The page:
Home Community The Flowering of Friendship: Remembering Srebrenica event

The Flowering of Friendship: Remembering Srebrenica event

On July 12, I represented Calderdale Interfaith at the commemoration for the Bosnian Muslims who were brutally murdered at Srebrenica in 1995. Twenty one organisations from Calderdale, Kirklees, Leeds and Bradford were given wooden boxes to plant out and decorate with words and the flower of Srebrenica. At the ceremony, which was extremely moving and creative, all the planters were placed in a horseshoe shape and the words read:

“Remembering Bosnian men and boys cut down in Srebrenica wondering about their potential: To rebuild and reconnect is the destiny of survivors: Remember and take action whenever human rights are threatened.”

Each group was also asked to write a word on some bunting which was used to link one box to the next, so that the planters and groups became connected without moving. We chose the word “Sabr” (patience) which we then used in our affirmation and message of solidarity with the women of Srebrenica.

The Calderdale Interfaith planter:

The Nemesia, sweet alyssum and lilies were chosen for their scent. The white Lilly also signifies purity and rejuvenation in the English tradition but In Greek mythology lillies are associated with motherhood as well. 

In the weeks that led up to the ceremony I began to appreciate why it was important to remember “the worst atrocity on European soil since World War II”. We must never forget the genocide at Srebrenica and we must continually reaffirm our commitment to standing up against all forms of hatred and prejudice against people because of their religion, ethnicity, gender, sexuality or any other type of difference.

It was  also important for me, to look into the history too, which is as follows:

Until 1991, Bosnia-Herzegovina was part of The Socialist Federal Republic of Yugoslavia. It was a melting pot of Muslims, Christians and Jews, all living in peaceful harmony. But with the death of Josip Broz Tito, the Republic began to crumble, civil war ensued and Serbian nationalism turned to hatred of the Bosnian Muslims, who quickly came under attack.

In March 1995 Radovan Karadžić, self declared President of the Bosnian Serbian Republic, laid siege to the town of Srebrenica. By May, the Serbian soldiers had imposed an embargo on food and other supplies so that life became extremely difficult in Srebrenica. The direct order from Karadzic was to “create an unbearable situation of total insecurity with no hope of further survival or life for the inhabitants of Srebrenica.” The eventual goal was to ethnically cleanse and annex the territory to the Republic of Serbia.

By late June, after most of the Muslim fighters had fled the area, the  Serbian military command formally ordered the operation, code-named Krivaja 95, that culminated in the massacre of so many Muslims. The offensive started on July 6 when advancing Serbian forces burnt Muslim homes along the way. In absolute terror, thousands  fled Srebrenica for the nearby village of Potočari, where UN peacekeepers were stationed. But instead of helping the fleeing Muslims, some UN peacekeepers surrendered, whilst others withdrew and worst of all none fired on the approaching Serbian forces.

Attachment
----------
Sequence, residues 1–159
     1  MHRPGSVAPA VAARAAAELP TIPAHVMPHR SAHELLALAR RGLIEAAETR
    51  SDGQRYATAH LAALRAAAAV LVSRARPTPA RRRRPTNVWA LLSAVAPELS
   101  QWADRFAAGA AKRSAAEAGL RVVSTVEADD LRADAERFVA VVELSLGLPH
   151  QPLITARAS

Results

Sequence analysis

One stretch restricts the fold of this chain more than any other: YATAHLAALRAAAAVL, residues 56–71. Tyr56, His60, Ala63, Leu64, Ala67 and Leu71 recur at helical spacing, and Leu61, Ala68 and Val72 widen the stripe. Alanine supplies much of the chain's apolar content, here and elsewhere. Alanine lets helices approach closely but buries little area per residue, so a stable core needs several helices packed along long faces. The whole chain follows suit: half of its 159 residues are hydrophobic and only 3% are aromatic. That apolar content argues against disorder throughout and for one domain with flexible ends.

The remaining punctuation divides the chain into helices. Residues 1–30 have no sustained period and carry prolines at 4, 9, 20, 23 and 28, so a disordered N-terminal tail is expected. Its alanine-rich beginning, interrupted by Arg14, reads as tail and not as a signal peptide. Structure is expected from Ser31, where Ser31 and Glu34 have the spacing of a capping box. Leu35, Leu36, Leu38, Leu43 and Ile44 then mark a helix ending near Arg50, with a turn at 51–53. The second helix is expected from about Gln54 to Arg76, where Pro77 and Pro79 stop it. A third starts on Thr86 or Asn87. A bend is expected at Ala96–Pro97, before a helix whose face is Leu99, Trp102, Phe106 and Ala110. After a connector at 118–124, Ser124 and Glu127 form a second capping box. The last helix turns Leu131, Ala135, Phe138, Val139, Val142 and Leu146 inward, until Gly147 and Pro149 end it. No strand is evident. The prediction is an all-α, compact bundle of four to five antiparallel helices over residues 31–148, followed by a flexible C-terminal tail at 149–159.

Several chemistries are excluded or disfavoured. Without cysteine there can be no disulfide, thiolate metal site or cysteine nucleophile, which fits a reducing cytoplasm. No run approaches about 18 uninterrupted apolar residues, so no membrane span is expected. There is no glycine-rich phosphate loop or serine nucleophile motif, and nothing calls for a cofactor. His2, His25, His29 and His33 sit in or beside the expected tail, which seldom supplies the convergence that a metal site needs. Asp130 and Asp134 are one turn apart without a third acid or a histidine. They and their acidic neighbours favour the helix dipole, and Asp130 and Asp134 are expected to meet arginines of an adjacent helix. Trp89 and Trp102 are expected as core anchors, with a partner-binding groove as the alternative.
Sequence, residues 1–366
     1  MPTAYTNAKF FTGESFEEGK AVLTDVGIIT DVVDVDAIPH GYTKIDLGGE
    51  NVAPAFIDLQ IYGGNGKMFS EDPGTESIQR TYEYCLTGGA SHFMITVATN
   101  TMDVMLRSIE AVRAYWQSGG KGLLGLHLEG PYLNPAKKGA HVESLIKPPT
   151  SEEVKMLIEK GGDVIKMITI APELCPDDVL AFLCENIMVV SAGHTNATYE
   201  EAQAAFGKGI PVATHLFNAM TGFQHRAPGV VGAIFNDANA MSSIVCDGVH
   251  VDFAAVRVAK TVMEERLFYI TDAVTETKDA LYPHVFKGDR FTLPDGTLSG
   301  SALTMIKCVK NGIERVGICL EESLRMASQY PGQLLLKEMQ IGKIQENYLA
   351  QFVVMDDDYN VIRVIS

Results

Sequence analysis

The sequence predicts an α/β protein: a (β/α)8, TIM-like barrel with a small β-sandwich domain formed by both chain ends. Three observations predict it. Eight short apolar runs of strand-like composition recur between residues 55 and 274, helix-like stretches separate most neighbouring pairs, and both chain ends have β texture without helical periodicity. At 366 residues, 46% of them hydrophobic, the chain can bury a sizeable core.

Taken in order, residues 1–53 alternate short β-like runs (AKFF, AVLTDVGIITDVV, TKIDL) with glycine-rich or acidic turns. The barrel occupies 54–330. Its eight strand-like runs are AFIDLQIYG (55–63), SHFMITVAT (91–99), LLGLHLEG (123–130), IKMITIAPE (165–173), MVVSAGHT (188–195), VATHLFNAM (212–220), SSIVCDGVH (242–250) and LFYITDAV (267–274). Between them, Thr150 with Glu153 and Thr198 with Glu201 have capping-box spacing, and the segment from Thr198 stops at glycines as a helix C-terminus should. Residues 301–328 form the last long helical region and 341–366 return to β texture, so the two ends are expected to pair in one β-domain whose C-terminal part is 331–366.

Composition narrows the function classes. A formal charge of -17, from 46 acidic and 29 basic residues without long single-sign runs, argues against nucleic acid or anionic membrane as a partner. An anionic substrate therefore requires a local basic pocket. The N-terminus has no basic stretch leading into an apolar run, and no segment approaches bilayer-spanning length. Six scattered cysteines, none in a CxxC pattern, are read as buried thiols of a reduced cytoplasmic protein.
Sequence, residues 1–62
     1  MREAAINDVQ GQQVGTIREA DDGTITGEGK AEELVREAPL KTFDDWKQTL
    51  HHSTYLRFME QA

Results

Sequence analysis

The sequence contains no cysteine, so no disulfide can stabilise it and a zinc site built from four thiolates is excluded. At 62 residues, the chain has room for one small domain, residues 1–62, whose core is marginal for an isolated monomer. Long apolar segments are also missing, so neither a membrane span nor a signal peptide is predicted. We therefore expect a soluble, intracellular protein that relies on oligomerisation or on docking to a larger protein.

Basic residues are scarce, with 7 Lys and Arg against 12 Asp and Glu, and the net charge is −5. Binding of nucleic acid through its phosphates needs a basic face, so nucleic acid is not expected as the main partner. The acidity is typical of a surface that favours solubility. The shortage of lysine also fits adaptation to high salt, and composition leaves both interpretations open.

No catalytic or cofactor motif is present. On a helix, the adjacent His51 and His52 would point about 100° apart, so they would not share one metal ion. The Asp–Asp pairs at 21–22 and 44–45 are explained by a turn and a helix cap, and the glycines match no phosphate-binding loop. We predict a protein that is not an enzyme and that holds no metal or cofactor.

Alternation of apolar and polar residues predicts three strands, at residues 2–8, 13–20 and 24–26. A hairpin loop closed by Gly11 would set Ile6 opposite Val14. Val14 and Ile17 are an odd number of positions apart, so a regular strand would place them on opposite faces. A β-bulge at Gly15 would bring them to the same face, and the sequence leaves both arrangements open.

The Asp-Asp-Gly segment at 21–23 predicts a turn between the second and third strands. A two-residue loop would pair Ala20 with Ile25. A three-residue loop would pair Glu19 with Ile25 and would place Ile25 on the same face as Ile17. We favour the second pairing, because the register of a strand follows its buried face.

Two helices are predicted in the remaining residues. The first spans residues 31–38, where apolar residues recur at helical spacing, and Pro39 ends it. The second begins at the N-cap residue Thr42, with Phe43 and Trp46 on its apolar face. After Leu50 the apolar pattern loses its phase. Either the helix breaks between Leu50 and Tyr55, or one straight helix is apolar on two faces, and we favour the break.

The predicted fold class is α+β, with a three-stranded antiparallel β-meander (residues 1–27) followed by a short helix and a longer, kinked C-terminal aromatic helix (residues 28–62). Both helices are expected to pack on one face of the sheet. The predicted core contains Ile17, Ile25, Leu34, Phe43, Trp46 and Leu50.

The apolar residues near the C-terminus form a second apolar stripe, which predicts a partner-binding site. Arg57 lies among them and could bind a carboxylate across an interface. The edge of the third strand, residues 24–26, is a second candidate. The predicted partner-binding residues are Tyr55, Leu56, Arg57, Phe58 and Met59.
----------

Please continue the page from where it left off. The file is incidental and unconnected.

On July 11, a Serbian journalist recorded the Serbian military leader Ratko Mladić openly declaring “We give this town to the Serbian nation… The time has come to take revenge on the Muslims.”

During the night of July 11,  10,000 Muslim men set off from Srebrenica to try and  reach safety. But they were duped by the Serbian officers who were using UN equipment, and who  made false promises of security to encourage them to surrender. Thousands  of them gave themselves up to be later killed. Other Muslims were forced out,  terrorised after witnessing acts of individual murders and rapes committed by  Serbian forces. The women, children and elderly were placed on buses  and transferred to Muslim-held territory.  On July 12/13  there was a mass evacuation of the  blindfolded  Muslim men and boys who  were taken to various  sites on Bosnia’s northern border with Serbia. They included a football field, warehouses, factories a school and cultural centre. The executions having started on July 12 and it continued until July 16. The men were mostly shot, having had their hands and feet bound and when the remains were  recovered, there was evidence of mutilation.

There is some controversy, but it is generally accepted that at least 7,000 men and boys were killed and some estimates report the toll to be more than 8,000. After the massacre, the Serbian forces used heavy machinery to dig up the bodies and move the remains to distant sites in an attempt to hide the atrocity. Many of the mass graves were only later located by U.S. intelligence experts using satellite photographs.

It took years of investigation by  scientists to piece together exactly where the killings had occurred and how the bodies had been moved among an estimated 80 mass grave sites. To date not all the bodies have been identified which is a constant source of anguish for the mothers, wives, sisters and daughters of those who were massacred. For their sakes, let us never forget the genocide in Srebrenica and let us never repeat history.

May Allah protect us from all forms of bigotry. 

Click here to visit the Remembering Srebrenica website to learn more.

Click here to watch a video of the commemoration event.

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